(Bloomberg) -- Justin Trudeau doesn’t appear to be in any rush to release a budget update showing a record deficit thanks to hundreds of billions in government Covid-19 relief.
The prime minister, under pressure to detail the spending from opposition parties in a minority parliament, was asked repeatedly at a daily briefing Tuesday about when he’d offer a formal look at Canada’s books. He stressed his government’s commitment to transparency but said the situation is changing too fast to make reliable forecasts.
“Any predictions we make will be wildly unreliable even from one week to the next,” he told reporters outside his Ottawa residence. “There are so many things that we simply don’t know that making projections about what our economy could look like six months or a year from now would be an exercise in invention and imagination.”
Trudeau’s team had set a budget date for March 30 but abandoned it when the coronavirus pandemic forced the government into action, shutting down large swathes of the Canadian economy and opening the public purse to cushion the blow.
Earlier Tuesday, BNN Bloomberg reported that Finance Minister Bill Morneau is working on an economic update that will tally the costs of pandemic-related spending for release this summer. Requests for confirmation from Morneau’s press secretary weren’t immediately returned.
The government decided in recent days to move forward with a fiscal update amid pressure from opposition parties, the television network said, citing two unnamed people with knowledge of the plan. But there is tension within Trudeau’s cabinet as to whether a mini-budget would be a distraction, according to BNN.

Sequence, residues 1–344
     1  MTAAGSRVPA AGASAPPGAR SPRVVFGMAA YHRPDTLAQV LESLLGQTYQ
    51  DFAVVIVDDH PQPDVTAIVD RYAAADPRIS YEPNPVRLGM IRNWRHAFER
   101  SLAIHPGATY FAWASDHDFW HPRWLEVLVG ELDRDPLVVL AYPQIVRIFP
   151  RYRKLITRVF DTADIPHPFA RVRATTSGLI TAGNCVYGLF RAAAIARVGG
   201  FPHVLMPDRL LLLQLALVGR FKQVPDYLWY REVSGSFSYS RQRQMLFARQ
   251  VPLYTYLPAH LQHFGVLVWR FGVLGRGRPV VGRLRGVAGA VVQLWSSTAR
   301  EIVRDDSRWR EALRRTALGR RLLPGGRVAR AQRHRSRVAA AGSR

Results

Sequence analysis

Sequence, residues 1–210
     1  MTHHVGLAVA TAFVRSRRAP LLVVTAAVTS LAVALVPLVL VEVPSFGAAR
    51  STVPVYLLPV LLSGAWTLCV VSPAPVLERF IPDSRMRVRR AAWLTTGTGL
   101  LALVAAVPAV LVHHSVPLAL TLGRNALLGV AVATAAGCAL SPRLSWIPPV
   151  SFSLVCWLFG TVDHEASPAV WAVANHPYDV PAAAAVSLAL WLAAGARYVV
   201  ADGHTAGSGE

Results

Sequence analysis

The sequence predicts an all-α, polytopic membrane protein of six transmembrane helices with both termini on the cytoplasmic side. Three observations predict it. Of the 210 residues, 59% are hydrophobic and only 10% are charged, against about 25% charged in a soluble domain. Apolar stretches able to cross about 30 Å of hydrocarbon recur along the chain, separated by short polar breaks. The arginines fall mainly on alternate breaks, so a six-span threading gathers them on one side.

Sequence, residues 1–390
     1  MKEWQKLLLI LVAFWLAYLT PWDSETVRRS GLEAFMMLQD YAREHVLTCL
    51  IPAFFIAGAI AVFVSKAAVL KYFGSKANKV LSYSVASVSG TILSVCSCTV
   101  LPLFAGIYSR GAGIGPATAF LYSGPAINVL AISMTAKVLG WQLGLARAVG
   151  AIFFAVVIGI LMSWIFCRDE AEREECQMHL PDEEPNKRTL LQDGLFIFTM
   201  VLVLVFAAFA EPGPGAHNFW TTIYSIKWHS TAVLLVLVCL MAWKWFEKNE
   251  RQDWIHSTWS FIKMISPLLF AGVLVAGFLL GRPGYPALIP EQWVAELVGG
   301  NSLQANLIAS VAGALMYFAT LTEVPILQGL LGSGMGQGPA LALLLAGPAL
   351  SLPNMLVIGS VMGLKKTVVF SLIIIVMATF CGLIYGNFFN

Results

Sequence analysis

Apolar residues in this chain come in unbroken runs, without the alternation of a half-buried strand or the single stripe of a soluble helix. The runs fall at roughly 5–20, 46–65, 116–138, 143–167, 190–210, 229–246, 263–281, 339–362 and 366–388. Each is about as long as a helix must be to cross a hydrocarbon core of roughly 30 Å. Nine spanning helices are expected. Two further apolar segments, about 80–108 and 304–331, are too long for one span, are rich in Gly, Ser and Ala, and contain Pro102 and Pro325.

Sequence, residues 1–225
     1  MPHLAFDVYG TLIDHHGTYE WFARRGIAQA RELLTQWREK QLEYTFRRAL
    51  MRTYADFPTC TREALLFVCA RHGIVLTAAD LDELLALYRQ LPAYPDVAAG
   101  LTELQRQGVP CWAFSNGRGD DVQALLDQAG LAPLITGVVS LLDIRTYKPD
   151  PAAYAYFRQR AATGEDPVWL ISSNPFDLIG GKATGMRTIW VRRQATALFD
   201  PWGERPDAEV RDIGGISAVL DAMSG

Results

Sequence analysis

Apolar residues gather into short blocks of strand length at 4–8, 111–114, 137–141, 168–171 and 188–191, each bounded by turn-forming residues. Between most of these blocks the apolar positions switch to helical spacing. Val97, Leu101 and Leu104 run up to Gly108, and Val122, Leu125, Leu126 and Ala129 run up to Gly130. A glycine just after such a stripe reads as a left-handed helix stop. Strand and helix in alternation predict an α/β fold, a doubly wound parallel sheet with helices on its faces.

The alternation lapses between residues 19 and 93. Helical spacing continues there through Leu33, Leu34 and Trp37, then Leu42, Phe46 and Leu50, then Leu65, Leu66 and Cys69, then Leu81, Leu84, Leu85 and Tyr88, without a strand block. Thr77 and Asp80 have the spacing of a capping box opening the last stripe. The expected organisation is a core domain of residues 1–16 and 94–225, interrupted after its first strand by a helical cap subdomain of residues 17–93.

The parliamentary spending watchdog expects Canada’s budget deficit to mushroom to at least C$260 billion ($194 billion), the largest in history, because of emergency programs to support individuals who have lost work and subsidize businesses grappling with force shutdowns. A gap of that size would be about 12% of gross domestic product, and it’s only likely grown since.
“It shouldn’t be a surprise to anyone if the deficit is projected to be around 15% of GDP. This was an unprecedented shock which required an unprecedented response. The reason the economy is not in worse shape at the moment is largely because of the aggressive actions of fiscal and monetary policy makers,” Royce Mendes, an economist at Canadian Imperial Bank of Commerce in Toronto, said by email. “That’s what should be remembered if the government produces a fiscal update which shows a lot of red ink.”
(Updates with potential summer timing in second graph and Trudeau comments)
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